The Day I Quit Medicine.

This doctor quit medicine. It saved her life. (kevinmd.com)

It was January 4th, 2021. I had just had two great weeks of vacation. I had the blessing of seeing my parents and siblings on Christmas day during a pandemic, spend my second Christmas with my Fiancé, spend our first Christmas with our dogs and most of all, spend it healthy. I had it good. Then why did I cry the morning of Jan 4th, 2021? Because I realized I was burned out, exhausted and unhappy.

I have known since I was a young girl that I wanted to be a doctor, or so I told myself. With my sister having Autism and Epilepsy, doctor visits were frequent. This is where I was exposed to medicine, and saw the good, the bad and the ugly, and it was actually the ugly that drove me to go into medicine. It was how they judged my mother and I for only speaking Spanish, it was how they denied us care or treatment options because according to them we just wouldn’t understand it, it was how we had to travel 4 hours up to 3 times a month because we lived in a small rural town, Yuma, AZ, where certain medical specialties are non-existent. It was the ugly that drove me to want to be a doctor because I told myself, nobody should go through these barriers simply to get healthcare, a human right.

And thus, at a mere age of 10, my voyage to become a doctor started. After high school I started my prerequisites for medical school. I wasn’t doing well. No matter how much I studied, I just couldn’t seem to do well. I met with my advisor multiple times to get help but the only response I would get is that I should try something else, or that “woman like me” didn’t do this, whatever that meant. With my grades slipping and nobody to help teach me how to study, I left back home to Yuma, AZ where I finished my Bachelors and recuperated part of my grades. During this time I studied for the MCAT, and again, I didn’t do well. Through these ups and downs, I eventually retook the MCAT, moved to Phoenix and started my Master’s in Public Health, and eventually learned, by myself, how to study. Now, I was set, I thought to myself. I know how to study and graduated with an almost 4.0 during my Masters, I got this. I then got into Midwestern University for their MBS program that was linked with their DO program.

At last, I thought to myself, I am in, I just need to survive 6 more years of school. Just 6 more years.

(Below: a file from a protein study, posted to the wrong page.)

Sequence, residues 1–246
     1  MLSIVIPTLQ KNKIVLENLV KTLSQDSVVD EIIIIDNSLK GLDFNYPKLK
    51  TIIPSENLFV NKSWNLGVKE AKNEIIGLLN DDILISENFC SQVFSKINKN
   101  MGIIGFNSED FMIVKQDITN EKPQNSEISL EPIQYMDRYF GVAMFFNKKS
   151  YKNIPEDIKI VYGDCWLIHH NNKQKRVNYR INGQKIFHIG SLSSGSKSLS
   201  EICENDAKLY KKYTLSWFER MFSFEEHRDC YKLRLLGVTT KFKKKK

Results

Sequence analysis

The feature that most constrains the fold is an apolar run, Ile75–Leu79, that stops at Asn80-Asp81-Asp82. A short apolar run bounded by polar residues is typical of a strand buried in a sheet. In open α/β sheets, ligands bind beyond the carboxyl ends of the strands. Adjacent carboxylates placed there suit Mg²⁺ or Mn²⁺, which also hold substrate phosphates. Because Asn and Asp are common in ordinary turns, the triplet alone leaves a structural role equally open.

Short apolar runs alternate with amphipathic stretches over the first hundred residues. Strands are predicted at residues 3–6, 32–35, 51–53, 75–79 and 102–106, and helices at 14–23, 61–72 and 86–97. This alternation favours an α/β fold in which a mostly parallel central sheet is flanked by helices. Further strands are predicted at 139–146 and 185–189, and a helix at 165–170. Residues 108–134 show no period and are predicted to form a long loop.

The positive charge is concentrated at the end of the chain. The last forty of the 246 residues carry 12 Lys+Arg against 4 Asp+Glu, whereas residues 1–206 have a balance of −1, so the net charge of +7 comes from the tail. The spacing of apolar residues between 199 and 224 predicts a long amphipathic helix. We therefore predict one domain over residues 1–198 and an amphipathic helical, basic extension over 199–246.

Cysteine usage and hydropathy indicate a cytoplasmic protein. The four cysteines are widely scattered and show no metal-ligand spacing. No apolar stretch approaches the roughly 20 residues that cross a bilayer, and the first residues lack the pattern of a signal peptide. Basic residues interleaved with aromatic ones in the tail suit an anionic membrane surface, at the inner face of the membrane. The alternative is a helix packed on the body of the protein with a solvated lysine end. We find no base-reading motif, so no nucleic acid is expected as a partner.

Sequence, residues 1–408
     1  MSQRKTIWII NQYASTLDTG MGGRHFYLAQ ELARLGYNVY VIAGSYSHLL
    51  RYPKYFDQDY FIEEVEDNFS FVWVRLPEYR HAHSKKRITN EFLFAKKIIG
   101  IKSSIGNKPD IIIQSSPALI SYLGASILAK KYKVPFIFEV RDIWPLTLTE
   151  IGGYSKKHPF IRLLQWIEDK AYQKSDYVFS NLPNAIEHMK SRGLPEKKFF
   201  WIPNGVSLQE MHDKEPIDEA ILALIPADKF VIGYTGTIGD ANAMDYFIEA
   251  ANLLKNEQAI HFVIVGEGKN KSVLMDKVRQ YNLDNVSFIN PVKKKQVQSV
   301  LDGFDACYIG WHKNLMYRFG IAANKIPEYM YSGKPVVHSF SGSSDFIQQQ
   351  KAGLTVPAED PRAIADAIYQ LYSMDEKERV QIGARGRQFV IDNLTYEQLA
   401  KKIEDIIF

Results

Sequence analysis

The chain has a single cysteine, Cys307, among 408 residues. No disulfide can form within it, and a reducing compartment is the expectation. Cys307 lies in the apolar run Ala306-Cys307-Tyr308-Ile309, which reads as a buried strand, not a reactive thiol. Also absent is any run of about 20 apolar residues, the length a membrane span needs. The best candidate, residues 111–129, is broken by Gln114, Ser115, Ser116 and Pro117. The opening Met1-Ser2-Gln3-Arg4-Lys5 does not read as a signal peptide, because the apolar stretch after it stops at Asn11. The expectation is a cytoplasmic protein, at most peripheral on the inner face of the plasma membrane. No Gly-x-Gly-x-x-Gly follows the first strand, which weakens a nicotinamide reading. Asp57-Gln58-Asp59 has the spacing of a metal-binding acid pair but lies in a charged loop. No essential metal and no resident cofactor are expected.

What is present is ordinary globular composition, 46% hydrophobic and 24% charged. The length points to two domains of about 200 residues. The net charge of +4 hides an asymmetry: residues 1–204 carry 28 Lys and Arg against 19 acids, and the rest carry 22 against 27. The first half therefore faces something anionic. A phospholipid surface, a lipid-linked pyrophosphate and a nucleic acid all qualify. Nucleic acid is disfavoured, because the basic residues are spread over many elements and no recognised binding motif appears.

This email soon triggered me to ask myself one question those whole two weeks of vacation prior to Jan 4th, can I do this for 6 more years? And if so, will I make it out or will I be part of another email from school about a student who committed suicide?

That Monday morning, Jan 4th, 2021, after two weeks of vacation and soul searching, I woke up at my regular 5am time, got coffee ready and at 530am, I was studying. But, as I studied physiology, the renal system to be exact, I started crying. I tried to ignore my crying, like in other times, because I knew I had 2 exams that week and didn’t have time to have many breaks, but I couldn’t. I realized that morning after two weeks of soul searching, the answer to the question. Yes I can do this, but no, I don't want too. I am exhausted, I am burned out, and I am unhappy.

That day Jan 4th, 2021, I decided to quit medicine.

Now you may ask, how did I NOT realize that I liked public health that much when I myself have an MPH? There are many reasons for that. As a first generation student, we don’t have any fountain of information besides our advisors, and sometimes they make things worse because their bias towards our gender, race or status interferes. I also coded in my system a phrase that everyone will tell every med student at some point, that eventually it gets better. That I just had to endure those 2 brutal years of studying in undergrad and medical school, and then I was living the dream. For me though, I had to do a postbacc and had a masters already, so I was doing 4 years extra than your typical med student. I was exhausted, I was burned out, and I was done.

This was a very emotional decision to say the least. After 7+ years of being married to this mindset of being a medical doctor and deciding now to divorce myself from this thought had made me question what I could have done differently. Maybe if I wouldn’t known how to study sooner I could’ve endured another 4–6 years of education, or maybe if I had better mentors who instead of telling me I wasn’t meant for this career would have motivated me and helped me, maybe I could’ve made it. Maybe if the medical educational system didn’t create these additional barriers for first generation students and and I didn’t have these barriers that many first generation and minority students have, maybe I could have done it. I could’ve, I should’ve, I would’ve. But, after really thinking about it, maybe I was in love with another field in medicine, and I didn’t even know it.

Contributor writer for Medium and former contributor writer for HuffPost. I focus on disparities in education and medicine. #Latina #Hispana #Medicine

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